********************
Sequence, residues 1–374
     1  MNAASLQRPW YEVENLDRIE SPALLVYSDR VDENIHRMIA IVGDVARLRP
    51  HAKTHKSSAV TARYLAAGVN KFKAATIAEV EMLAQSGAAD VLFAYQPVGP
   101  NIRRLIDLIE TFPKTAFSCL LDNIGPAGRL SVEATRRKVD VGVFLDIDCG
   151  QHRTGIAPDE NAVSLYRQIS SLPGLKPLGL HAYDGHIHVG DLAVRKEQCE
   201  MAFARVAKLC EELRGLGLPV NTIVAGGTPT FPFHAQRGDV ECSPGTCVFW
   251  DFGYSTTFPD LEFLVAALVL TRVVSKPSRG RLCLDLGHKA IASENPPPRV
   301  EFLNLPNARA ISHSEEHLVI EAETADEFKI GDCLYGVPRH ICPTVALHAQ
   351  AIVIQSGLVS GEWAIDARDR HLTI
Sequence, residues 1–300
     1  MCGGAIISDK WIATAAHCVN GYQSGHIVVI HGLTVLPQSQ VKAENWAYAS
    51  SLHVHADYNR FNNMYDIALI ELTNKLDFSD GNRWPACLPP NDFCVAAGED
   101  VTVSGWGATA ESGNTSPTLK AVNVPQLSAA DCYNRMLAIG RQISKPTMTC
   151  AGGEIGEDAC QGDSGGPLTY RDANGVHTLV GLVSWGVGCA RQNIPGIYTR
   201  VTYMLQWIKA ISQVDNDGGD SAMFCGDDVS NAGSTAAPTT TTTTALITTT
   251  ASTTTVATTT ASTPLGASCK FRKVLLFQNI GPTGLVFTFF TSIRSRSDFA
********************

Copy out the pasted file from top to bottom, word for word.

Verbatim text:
Sequence, residues 1–374
     1  MNAASLQRPW YEVENLDRIE SPALLVYSDR VDENIHRMIA IVGDVARLRP
    51  HAKTHKSSAV TARYLAAGVN KFKAATIAEV EMLAQSGAAD VLFAYQPVGP
   101  NIRRLIDLIE TFPKTAFSCL LDNIGPAGRL SVEATRRKVD VGVFLDIDCG
   151  QHRTGIAPDE NAVSLYRQIS SLPGLKPLGL HAYDGHIHVG DLAVRKEQCE
   201  MAFARVAKLC EELRGLGLPV NTIVAGGTPT FPFHAQRGDV ECSPGTCVFW
   251  DFGYSTTFPD LEFLVAALVL TRVVSKPSRG RLCLDLGHKA IASENPPPRV
   301  EFLNLPNARA ISHSEEHLVI EAETADEFKI GDCLYGVPRH ICPTVALHAQ
   351  AIVIQSGLVS GEWAIDARDR HLTI
Sequence, residues 1–300
     1  MCGGAIISDK WIATAAHCVN GYQSGHIVVI HGLTVLPQSQ VKAENWAYAS
    51  SLHVHADYNR FNNMYDIALI ELTNKLDFSD GNRWPACLPP NDFCVAAGED
   101  VTVSGWGATA ESGNTSPTLK AVNVPQLSAA DCYNRMLAIG RQISKPTMTC
   151  AGGEIGEDAC QGDSGGPLTY RDANGVHTLV GLVSWGVGCA RQNIPGIYTR
   201  VTYMLQWIKA ISQVDNDGGD SAMFCGDDVS NAGSTAAPTT TTTTALITTT
   251  ASTTTVATTT ASTPLGASCK FRKVLLFQNI GPTGLVFTFF TSIRSRSDFA